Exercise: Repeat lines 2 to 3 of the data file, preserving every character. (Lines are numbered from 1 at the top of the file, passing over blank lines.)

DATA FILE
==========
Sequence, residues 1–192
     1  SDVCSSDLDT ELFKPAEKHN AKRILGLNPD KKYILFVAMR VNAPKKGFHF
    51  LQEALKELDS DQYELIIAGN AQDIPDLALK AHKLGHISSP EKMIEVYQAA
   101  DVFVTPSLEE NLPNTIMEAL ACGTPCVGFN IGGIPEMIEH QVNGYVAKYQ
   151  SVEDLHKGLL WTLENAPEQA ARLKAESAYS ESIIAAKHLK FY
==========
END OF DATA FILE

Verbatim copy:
     1  SDVCSSDLDT ELFKPAEKHN AKRILGLNPD KKYILFVAMR VNAPKKGFHF
    51  LQEALKELDS DQYELIIAGN AQDIPDLALK AHKLGHISSP EKMIEVYQAA